First of all, let me repeat that I agree with many of the Jewish groups that objected to Tom Friedman’s column asserting that Congressional support for Israel is ”bought and paid for by the Israel lobby.”
But is it really in the self-interest of a pro-Israel PAC to join the chorus of disapproval? You are not in a great position to criticize a critic of money’s role in the shaping of foreign policy if your whole reason for being is to raise money for the campaigns of friendly politicians.
I got this from Norpac, the pro-Israel PAC in Northern New Jersey:
Mr Friedman attributes the Congressional standing ovations for PM Netanyahu, to the money of the pro-Israel lobby of America. It is true that Americans who believe in Israel support members of Congress who also believe in strong US-Israel relations. What Friedman misses is that it is an easy sell. The oil industry and its lobby generate more money in one hour than all the friends of Israel in a year. They would get nowhere with an anti-Israel agenda, because no one will listen. Support for the Jewish homeland speaks to the heart of the American people and their representatives. It’s not the money stupid, it’s the issue.
But it’s a little bit about the money, isn’t it? Why else would we need pro-Israel PACs?
Here’s how Norpac describes itself on its web page (the emphases are mine):
NORPAC is a non-partisan political action committee whose primary purpose is to support candidates and sitting members of the U.S. Senate and House of Representatives who demonstrate a genuine commitment to the strength, security, and survival of Israel. With the constant turnover in Congress, we cannot take a strong U.S.-Israel relationship for granted. It is only through our continued active involvement that we can help assure that the issues of importance to our community get the attention and support they deserve.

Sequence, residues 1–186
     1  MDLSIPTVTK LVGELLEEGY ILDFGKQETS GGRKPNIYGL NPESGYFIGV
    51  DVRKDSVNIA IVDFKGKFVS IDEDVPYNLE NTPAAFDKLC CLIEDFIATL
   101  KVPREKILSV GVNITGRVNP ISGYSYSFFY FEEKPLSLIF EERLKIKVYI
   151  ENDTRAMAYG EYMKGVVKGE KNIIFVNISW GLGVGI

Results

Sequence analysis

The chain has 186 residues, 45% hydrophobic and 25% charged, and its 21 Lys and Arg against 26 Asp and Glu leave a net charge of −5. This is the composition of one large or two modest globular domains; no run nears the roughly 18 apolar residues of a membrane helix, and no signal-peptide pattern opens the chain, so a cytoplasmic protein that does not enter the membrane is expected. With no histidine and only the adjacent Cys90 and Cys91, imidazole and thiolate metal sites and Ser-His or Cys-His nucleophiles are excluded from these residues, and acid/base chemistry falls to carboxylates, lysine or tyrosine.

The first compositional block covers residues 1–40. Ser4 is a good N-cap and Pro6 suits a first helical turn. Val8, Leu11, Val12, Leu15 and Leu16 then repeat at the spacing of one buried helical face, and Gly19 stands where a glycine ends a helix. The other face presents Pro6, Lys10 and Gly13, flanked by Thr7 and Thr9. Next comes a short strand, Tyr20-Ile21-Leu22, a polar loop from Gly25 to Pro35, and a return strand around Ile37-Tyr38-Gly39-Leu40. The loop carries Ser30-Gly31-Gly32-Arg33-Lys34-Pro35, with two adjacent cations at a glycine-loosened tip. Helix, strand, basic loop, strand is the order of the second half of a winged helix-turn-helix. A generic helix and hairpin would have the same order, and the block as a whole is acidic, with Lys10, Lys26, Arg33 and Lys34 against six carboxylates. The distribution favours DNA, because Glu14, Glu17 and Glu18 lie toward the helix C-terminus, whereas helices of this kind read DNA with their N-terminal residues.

Funding is often of critical importance to the ultimate success of a candidate’s campaign. Perhaps of equal, or even greater, importance is the moral support as well as the personal relationships that NORPAC and its members provide. Examples of this kind of support include: educating candidates on important issues, connecting like-minded Members of Congress on a particular project, and simply assuring that a public position taken is appreciated within our community.
These efforts have resulted in a strong U.S.-Israel relationship in Congress and, in particular, the shaping of important and concrete pro-Israel policies emanating from Washington.
Friedman’s column shades into hostile territory by asserting that the politicians who support Israel (and welcome donations from groups like Norpac) would be tougher on Israel if not for that money. I don’t know if that is true, and neither does Friedman. The truth is, as Norpac says, “support for the Jewish homeland speaks to the heart of the American people and their representatives.” Although they more than undercut their message when they write,
It is only [emphasis added] through our continued active involvement that we can help assure that the issues of importance to our community get the attention and support they deserve.
P.S. Norpac makes a pretty dumb claim in response to Friedman’s complaints about women being forced to sit in the back of Israeli buses in ultra-Orthodox neighborhoods. According to Norpac:
Mr. Friedman assumes that this is disrespect. Mr. Friedman, the rear of the bus is safer in the event of an accident or terror attack. I guess Mr. Friedman also prefers child car seats in the front, so the kids will have better self esteem, provided they survive an accident.
Oh, please. Perhaps it’s not quite the same as the Jim Crow south, but does anyone really believe the haredim send women to the back as a safety measure? Perhaps they spit on women carrying Torah scrolls to warn them about hurting their backs.